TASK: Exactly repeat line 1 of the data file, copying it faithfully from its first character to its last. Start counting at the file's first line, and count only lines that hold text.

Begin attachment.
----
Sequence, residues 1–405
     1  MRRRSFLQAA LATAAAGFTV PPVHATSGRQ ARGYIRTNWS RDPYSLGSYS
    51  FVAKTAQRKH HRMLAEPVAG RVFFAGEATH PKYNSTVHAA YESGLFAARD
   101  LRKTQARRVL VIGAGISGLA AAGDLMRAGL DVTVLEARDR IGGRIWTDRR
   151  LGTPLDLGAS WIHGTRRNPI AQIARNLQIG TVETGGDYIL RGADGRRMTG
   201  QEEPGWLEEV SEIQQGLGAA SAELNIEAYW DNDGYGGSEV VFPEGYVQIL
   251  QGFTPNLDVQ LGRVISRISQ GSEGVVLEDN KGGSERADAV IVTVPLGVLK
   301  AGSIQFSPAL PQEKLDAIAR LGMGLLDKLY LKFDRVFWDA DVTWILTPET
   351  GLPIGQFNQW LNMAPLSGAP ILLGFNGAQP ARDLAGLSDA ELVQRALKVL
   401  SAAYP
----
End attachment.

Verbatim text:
Sequence, residues 1–405